Thursday, 11 February 2016

The choice of life

At the end of their journey from slavery in Egypt to freedom in the Promised Land, Moses calls upon the people of Israel to recognise that the gift of freedom and a place to be themselves relies for ever on choices they will continue to make in their new life. 'See, today I set before you life and prosperity, death and disaster.' (Deut 30:15) 

The best of life can be enjoyed, as Moses says: 'If you love God and follow his ways' (Deut 30:16), not just doing whatever we wish. The lesson to be learned from the sojourn in the wilderness was how much people left to their own devices would disregard God's law, revealed to guide and protect them, with fatal consequences. 

It's possible for the most part, to life a good enough life, abiding by high moral standards and obeying laws which govern society for the common good. The majority of people see this as being in their best interests, or simply take it as a necessary given of life, for whatever reason. Society would collapse into chaos without this. The re-iteration of 'choose life' in the exhortations of Moses, suggests that more is to be expected, a choice to be continually renewed, renewed out of love for God.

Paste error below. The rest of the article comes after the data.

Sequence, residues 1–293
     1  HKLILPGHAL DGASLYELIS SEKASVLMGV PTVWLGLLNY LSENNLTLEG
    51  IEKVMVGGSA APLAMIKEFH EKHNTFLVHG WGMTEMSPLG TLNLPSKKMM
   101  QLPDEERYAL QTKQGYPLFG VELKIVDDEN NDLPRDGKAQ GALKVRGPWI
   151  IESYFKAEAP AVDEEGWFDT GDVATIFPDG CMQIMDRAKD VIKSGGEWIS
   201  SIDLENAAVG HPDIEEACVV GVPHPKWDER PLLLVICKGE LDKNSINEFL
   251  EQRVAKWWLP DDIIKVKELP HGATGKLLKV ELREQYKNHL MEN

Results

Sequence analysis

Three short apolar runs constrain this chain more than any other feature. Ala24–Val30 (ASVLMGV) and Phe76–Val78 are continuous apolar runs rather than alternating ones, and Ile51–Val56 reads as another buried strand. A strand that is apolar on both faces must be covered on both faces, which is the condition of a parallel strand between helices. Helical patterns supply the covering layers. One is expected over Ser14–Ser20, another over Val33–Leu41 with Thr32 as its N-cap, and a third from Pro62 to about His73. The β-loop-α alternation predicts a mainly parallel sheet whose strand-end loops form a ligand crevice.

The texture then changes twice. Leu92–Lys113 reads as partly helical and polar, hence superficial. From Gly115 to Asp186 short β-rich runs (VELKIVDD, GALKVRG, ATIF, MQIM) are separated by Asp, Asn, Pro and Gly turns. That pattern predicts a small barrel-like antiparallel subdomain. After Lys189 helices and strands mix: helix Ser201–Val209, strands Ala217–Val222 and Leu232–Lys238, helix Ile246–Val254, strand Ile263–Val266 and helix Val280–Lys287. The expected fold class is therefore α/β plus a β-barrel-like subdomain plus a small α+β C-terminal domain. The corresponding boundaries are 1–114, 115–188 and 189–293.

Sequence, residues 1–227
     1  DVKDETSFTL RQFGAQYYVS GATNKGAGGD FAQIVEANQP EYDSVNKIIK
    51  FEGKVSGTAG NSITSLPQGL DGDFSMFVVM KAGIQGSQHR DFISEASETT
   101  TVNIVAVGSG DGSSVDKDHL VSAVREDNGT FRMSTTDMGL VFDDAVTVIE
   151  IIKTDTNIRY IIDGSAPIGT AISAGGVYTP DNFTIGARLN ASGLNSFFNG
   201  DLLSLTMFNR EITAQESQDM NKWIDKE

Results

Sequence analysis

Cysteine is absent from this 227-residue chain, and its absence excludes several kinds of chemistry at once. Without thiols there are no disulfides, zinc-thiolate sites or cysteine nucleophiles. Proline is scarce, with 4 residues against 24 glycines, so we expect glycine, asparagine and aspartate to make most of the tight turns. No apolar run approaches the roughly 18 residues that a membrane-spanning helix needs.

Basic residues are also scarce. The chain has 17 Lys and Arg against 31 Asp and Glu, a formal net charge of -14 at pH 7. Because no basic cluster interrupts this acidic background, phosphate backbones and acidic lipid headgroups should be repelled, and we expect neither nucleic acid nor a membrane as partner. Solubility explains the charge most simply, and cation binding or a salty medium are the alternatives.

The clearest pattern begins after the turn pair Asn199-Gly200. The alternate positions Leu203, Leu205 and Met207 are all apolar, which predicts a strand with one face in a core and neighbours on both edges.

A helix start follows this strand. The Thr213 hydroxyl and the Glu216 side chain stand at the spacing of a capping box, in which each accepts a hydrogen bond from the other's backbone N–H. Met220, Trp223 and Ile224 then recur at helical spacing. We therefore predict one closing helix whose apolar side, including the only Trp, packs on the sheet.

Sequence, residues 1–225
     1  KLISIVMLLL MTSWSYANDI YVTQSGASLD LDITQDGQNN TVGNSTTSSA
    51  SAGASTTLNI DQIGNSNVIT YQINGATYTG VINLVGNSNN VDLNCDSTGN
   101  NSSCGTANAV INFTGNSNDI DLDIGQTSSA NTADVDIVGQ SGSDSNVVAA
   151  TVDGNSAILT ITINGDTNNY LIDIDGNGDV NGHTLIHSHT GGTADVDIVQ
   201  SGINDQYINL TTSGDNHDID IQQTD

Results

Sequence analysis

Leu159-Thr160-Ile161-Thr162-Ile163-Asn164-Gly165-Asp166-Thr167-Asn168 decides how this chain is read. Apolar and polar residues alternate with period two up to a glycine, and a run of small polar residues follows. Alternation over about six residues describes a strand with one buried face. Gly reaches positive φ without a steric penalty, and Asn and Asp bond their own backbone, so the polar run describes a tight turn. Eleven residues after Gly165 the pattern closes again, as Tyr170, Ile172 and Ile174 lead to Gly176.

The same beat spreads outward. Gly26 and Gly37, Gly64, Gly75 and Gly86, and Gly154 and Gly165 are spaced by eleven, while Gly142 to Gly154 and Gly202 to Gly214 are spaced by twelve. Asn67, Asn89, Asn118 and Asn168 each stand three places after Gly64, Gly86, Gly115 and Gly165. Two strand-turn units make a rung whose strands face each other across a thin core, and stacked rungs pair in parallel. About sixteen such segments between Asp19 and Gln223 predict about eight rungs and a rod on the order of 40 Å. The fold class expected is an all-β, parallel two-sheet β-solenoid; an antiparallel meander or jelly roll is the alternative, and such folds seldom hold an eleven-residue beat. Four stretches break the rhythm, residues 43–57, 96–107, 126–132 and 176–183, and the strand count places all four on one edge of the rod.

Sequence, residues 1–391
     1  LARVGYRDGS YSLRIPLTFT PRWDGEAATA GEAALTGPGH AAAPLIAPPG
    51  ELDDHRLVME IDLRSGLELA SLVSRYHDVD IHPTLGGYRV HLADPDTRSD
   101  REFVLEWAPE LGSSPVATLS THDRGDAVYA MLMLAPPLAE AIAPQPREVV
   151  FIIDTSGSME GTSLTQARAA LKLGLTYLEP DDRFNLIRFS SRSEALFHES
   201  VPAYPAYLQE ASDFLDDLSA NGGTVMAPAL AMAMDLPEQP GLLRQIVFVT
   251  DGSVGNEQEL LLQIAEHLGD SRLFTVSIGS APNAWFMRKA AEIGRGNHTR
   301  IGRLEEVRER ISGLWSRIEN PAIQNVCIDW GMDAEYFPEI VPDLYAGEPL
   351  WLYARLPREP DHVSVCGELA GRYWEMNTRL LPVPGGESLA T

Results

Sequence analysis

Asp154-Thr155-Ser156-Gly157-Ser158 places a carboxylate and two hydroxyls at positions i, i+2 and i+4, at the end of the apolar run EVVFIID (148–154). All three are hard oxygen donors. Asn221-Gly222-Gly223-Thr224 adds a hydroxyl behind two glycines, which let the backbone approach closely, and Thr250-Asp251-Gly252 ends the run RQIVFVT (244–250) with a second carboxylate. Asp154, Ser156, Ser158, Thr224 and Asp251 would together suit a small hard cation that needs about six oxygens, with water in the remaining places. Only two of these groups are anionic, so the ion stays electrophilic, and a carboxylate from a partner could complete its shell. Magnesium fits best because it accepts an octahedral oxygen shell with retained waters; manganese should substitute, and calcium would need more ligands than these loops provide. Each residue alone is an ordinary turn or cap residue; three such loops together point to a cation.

True motives for compliance and obedience to laws that regulate life together may range from fear to ambition, or a sense of security in conforming to expectation. Love for God is inseparable from love for neighbour. Jesus quoted the teaching of Moses when he said: 

"The most important commandment is this: 'Hear, O Israel: The Lord our God, the Lord is one. Love the Lord your God with all your heart and with all your soul and with all your mind and with all your strength. (Deut 6:4-5) And the second is this: Love your neighbour as yourself.' (Lev 19:18b) There is no commandment greater than these."

The choice to keep on loving is always before us, and affects all that we are and do. Jesus, like the prophets before him, spoke out against hypocrisy - acting in a way that is superficially in compliance with divine law, but actually serving one's own self-interest, with no regard for the need of others. Paul in Romans 13:10 writes: 'Love does no harm to a neighbor. Therefore love is the fulfillment of the law.' Love calls upon a higher obligation to look out for the interests of others, demanding responsibility in the exercise of personal freedom. 

In choosing the way of self sacrifice that would lead him to Calvary, Jesus put the best interests of humankind ahead of his own. He set the example of exercising his freedom totally in serving others, conscious this was indeed a burdensome responsibility. 

'If anyone wants to be a follower of mine, let him renounce himself, and take up his cross every day, and follow me. (Luke 9:23)

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